Since fatherly obligation is about the Cavs’ only shot, this felt like a funeral as much as a Finals game. The fans barely mustered any energy as their team sleepwalked through the loss. James was pulled with over four minutes remaining, and while he received a roar of applause, it wasn’t the kind of sustained outpouring he probably merited.
Everyone seemed too shell-shocked, effectively realizing that if LeBron leaves, so does the chance Cleveland will have a competitive team any time soon. These nightly must-watch games, these spectacular spring playoff runs, these citywide esteem-lifting victories are over. They’ve lived post-LeBron before. It wasn’t any fun.
Eventually LeBron showered, changed and left the Cavaliers’ locker room for perhaps the last time as an actual Cavalier. He was flanked by family and friends, Nike executives and his own security team. He carried a shaving kit and a container of fruit – grapes and orange slices.
He shook hands with the Quicken Loans security guards as walked through the halls to the media interview area.
All these years, all these games, all these walks and it’s clear this is more than just a team he plays on. This is business, and this is family, too. If he sometimes clashes with ownership or gets enraged at teammates for in-game mental errors, he’s different with the working people. He grew up around them. They bore witness to him. He won – and lost – with them.
“The way he treats the coaches, the assistants, the staff and anyone associated with the Cavs is incredible,” said Cleveland forward Larry Nance Jr.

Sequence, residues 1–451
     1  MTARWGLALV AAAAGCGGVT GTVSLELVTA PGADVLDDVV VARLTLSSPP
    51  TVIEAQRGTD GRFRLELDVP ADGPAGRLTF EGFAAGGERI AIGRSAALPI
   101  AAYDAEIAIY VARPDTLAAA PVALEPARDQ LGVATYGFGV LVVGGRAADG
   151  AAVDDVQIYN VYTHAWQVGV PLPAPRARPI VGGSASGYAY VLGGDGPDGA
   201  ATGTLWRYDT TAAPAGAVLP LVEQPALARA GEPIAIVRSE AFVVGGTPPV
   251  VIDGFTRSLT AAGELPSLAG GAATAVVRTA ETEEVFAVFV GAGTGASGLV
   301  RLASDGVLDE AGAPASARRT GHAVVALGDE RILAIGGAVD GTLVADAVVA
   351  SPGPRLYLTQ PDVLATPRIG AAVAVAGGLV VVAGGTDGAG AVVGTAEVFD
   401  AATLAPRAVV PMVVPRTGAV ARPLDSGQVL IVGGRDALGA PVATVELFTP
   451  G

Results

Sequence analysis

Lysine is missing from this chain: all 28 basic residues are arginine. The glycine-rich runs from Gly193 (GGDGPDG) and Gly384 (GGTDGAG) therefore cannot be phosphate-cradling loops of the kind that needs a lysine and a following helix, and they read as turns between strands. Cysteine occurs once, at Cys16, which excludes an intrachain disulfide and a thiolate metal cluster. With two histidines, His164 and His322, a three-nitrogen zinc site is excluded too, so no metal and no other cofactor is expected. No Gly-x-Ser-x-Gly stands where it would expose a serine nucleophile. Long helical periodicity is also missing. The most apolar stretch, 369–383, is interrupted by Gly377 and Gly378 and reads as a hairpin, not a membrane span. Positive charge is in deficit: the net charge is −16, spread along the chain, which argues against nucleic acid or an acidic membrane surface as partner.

“You can’t ask for a better teammate,” Kevin Love said.
“This guy is amazing,” Jeff Green said.
LeBron may not know if he’s gone for good. He may not know what will come from a planned meeting with his wife and kids. Maybe the pull of consistency in their life is enough for him to sacrifice some of his. He grew up without a father. He is driven to be the kind that every kid deserves.
He did know it was a possibility, though, which made everything so difficult. His hand hurt from “self-inflicted” anger. His pride hurt from another steamrolling by those Warriors. And his emotions swirled due to the possible finality of it all.
He and his crew eventually trudged out of the Q. He was in no hurry. His boys walked behind him. He greeted old faces. He nodded at workers. Many held cameras aloft and snapped photos. He ultimately ducked out of a loading-dock door and into a parking garage where an SUV was waiting to whisk him away, out into the downtown streets and then back toward Akron, where it all began.
The same old commute, perhaps for the final time.
As he climbed in the car, a security guard pushed a button and slowly lowered the big garage door.
As the door shut down tightly, as LeBron James officially left the building, it finished with a clunk.
More NBA Finals coverage from Yahoo Sports:
• Durant claims 2nd straight Finals MVP honor
• Warriors complete sweep to win championship
• NBA players are already recruiting LeBron
• LeBron: ‘I pretty much played the last 3 games with a broken hand’